Freshening up on NFL's tampering policy

Posted by ESPN.com's Mike Sando

A quick look at highlights from the NFL's anti-tampering policy while the 49ers' charges against the Jets are pending:

No club, nor any person employed by or otherwise affiliated with a club, is permitted to tamper with a player who is under contract to or whose exclusive negotiating rights are held by another club. ...

The following chain of events is enumerated here as one example of a violation of the policy against tampering with another club's players:

1. A club's representative, or a third-party intermediary of that club (Club A), is involved in a private meeting or conversation with a player (or his representative) who is under contract to, or whose negotiating rights are held by, another club (Club B); and

2. The League obtains substantiation that after or during the above contact with the player, Club A has stated, publicly or privately, its interest in obtaining his services (see 'Public/Private Statements' below); and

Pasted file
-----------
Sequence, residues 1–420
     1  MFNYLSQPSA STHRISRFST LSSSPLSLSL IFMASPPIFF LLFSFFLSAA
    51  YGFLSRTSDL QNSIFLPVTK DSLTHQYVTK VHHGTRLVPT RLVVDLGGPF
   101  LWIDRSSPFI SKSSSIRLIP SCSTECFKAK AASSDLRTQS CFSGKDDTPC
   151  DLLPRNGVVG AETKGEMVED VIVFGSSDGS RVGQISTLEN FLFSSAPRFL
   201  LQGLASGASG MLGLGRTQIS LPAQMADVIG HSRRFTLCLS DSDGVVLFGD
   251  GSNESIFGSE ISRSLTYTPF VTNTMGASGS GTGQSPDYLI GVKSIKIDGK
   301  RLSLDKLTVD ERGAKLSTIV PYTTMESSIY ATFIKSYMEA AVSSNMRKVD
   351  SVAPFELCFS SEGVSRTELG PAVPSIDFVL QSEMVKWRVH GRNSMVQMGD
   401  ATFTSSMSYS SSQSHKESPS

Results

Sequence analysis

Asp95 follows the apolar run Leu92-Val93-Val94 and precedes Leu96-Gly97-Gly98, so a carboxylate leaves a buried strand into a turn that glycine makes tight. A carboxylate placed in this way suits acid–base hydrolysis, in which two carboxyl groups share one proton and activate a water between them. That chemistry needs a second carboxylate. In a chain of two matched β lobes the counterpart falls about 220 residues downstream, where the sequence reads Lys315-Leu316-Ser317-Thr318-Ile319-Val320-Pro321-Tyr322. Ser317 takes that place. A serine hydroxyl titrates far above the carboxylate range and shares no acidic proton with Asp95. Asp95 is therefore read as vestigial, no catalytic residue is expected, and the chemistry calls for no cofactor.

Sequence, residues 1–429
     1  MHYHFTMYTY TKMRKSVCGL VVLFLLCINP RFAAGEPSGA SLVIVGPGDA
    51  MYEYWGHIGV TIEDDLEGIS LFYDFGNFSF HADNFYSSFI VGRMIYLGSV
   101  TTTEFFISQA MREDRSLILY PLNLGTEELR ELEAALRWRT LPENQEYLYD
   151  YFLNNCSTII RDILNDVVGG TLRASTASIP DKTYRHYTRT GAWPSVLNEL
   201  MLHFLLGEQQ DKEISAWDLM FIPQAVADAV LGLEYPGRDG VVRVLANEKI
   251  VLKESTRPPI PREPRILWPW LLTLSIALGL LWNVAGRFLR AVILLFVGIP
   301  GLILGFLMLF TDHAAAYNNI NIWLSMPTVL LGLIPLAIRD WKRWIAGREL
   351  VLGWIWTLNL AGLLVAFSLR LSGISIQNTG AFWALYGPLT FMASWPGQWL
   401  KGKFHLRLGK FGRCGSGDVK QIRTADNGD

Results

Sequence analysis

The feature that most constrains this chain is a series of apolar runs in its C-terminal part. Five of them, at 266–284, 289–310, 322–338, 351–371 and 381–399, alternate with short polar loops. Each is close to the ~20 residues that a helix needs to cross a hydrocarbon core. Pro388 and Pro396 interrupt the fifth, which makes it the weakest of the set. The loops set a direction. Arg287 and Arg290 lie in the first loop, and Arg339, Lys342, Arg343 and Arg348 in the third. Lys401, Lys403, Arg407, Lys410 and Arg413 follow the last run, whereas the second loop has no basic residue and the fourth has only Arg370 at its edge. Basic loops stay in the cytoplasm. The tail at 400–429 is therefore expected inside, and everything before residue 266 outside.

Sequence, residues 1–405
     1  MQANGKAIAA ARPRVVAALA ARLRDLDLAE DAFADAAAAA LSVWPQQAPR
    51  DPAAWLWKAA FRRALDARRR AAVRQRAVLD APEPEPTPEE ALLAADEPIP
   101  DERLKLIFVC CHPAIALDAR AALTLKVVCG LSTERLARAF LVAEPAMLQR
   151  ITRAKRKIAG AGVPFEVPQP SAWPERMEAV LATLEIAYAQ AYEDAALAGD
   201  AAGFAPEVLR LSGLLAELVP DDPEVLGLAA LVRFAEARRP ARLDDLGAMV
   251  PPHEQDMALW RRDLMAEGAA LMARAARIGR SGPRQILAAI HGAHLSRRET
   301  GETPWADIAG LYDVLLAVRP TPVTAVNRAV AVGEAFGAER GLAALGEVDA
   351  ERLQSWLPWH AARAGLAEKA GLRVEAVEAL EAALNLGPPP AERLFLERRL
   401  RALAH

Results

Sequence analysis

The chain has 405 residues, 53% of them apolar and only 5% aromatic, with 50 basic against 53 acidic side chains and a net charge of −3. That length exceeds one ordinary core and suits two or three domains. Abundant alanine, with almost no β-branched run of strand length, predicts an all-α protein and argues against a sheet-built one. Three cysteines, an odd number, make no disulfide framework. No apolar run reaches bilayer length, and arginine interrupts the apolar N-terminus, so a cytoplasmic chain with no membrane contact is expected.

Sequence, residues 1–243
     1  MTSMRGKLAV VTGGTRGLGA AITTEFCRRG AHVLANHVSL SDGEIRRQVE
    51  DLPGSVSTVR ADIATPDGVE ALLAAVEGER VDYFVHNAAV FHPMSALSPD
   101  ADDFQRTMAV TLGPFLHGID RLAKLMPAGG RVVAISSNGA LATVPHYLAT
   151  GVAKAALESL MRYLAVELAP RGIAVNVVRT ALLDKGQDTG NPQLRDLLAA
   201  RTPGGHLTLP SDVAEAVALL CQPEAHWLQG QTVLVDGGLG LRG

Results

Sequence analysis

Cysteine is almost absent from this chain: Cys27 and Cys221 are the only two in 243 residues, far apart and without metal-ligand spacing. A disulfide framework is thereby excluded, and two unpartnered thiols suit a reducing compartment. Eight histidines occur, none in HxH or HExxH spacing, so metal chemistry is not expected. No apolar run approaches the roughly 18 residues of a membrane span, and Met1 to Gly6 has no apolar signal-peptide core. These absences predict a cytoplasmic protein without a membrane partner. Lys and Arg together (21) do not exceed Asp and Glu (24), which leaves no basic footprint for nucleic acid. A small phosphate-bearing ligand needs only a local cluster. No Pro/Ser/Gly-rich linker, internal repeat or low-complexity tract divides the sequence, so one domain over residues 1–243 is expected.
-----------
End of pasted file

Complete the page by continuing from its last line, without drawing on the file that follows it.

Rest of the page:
3. Contract problems or other disputes subsequently arise between the player and Club B (for example, the player’s failure to report on time to Club B).

    In circumstances like those of the example above, tampering will be found even in the absence of a demonstrated cause-and-effect relationship between the player’s contract problems and his prior involvement with the other club. In other words, a club will not be able to defend a tampering charge in these circumstances by asserting that its private contact with a player (or the player’s representative) did not involve any expression of interest in the player or was not related in any way to the player’s subsequent contract problem with his club.

    The policy concludes by warning teams that they will be subject to "severe disciplinary action by the commissioner" for violations. The policy sets no guidelines for punishment. The league can presumably act as it sees fit.